It is often said, and more rightly so that those who don’t know history are poised to repeat it. Often, the problems we struggle with today have been before, and we grow in wisdom by looking back at how our forefathers resolved them. The theological and ecclesiastical problems the modern church faces today are not new, as we will see.
The death of Christ for the redemption of humanity is the gospel that rejoices the hearts of the redeemed. This redemption is Trinitarian. The Father decrees before the foundation of the world to redeem a people for Himself through His Son, not based on any merit of their own, but purely on the substance of Christ His Son, who would die to effect the ransom for their redemption (Eph 1:3-14). This work is produced in the believer’s heart by the Spirit of God, through regeneration, justification, sanctification, and glorification.
In 2013, Conrad Mbewe of Kabwata Baptist Church in Zambia preached a Sermon titled ‘Are we Preachers or Witch-doctors?’ at the Strange Fire Conference, an annual Conference organized by Grace Community Church, Sun Valley, California. In his presentation, later published in a blog that can be found here, Mbewe makes an excellent diagnosis of the evangelical movement in Africa, most especially the popular charismatic churches.
I hear that the constitution should not be changed again, because in a country as young as ours, the young need to take the lead. But says who? Others say it should be, to allow able leaders to provide their experienced leadership to the nation. But says who?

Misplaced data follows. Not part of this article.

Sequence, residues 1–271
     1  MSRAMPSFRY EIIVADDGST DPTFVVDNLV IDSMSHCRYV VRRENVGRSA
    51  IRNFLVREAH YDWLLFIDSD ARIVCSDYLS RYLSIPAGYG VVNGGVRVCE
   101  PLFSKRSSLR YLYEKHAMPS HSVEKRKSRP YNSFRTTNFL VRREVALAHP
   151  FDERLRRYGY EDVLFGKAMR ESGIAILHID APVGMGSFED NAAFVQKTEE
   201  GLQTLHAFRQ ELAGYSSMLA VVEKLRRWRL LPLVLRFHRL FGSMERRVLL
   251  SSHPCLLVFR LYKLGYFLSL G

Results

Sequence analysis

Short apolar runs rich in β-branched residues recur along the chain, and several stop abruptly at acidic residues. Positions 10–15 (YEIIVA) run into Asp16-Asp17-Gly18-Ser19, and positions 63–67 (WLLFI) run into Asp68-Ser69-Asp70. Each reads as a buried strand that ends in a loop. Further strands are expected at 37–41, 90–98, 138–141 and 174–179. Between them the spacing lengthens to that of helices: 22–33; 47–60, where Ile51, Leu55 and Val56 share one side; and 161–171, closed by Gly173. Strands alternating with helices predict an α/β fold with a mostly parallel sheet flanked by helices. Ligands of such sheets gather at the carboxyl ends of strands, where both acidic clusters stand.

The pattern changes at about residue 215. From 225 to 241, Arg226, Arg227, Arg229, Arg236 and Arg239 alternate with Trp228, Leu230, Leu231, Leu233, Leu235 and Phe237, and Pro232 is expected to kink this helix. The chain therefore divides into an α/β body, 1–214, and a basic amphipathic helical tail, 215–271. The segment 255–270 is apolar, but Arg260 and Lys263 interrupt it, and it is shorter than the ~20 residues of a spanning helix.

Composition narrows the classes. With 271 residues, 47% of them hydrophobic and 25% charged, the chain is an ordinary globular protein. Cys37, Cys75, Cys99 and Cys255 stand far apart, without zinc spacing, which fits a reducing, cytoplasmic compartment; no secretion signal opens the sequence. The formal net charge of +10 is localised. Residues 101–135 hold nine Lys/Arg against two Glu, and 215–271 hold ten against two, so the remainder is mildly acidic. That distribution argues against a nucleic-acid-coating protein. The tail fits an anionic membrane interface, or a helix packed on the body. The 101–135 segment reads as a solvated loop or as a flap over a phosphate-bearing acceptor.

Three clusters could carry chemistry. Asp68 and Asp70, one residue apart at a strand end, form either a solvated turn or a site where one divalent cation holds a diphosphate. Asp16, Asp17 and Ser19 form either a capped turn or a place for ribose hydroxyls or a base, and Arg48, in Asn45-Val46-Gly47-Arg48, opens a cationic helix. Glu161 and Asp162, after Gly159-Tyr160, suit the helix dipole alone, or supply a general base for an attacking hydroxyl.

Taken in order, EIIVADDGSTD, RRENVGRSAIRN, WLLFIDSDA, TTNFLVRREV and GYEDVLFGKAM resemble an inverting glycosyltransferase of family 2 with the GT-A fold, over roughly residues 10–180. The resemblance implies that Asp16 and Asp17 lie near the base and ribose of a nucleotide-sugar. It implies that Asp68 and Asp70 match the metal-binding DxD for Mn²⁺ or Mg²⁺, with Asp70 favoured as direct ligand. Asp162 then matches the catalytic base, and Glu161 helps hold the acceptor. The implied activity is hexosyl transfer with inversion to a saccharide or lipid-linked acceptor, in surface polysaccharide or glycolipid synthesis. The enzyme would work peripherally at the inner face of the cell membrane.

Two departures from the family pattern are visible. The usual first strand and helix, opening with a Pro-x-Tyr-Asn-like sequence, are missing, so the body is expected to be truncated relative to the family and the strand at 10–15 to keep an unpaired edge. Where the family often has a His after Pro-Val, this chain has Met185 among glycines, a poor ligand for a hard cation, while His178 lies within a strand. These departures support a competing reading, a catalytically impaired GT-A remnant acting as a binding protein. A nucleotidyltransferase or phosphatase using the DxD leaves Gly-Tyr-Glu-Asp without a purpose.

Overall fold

The International Youth Fellowship (IYF), is an international organization founded by Ock Soo Park in 1995, in South Korea, as an international organization ‘that takes full charge of problems of the youth’. The roots of this organization go back to the July 1995’s the ‘first South Korea-U.S Combined Youth Camp’, according to their official website iyf.org.
Relativism always begins with an appearance of wisdom. ‘Has God indeed said?’ (Gen 3:1). Relativism is the craftiest demonstration of folly. It questions the absolute truth of God, thereby relativizing His absolute decrees. ‘Has God said?’ is another way of saying, subtly ‘that is God’s opinion, I have my own which differs from His, and you know what; so, should you too!’
Man, here am I!
But from whence, and what am I?
A mere speck of dust, a figment of mind?
A mindless mixture of mind and matter
Am I pure mind or pure matter?
If I am pure matter, does it matter?
And if a pure mind, must I never mind?
At the core, man is religious. To think of any man who is not religious in the sense that he does not worship is as absurd as trying to think of a non-thinking man. To be human is to automatically think, for not think is unthinkable. And as thinking is basic to humanity, so is worshiping. Every man is a worshiper. The question is who or what they are worshiping. God? A tree? Science? Reason?
In my previous article about the Uniqueness of Jesus Christ, I intended to respond to a brother from Tanzania who wrote to me asking about the character and work of Christ that sets Him apart, and why we ought to follow Him. In response I delighted in writing a series of articles addressing this question that may prove helpful for many. These articles will not be exhaustive, but I hope they will stir up serious thought, that culminates in a personal relationship with Christ as Lord and Savior.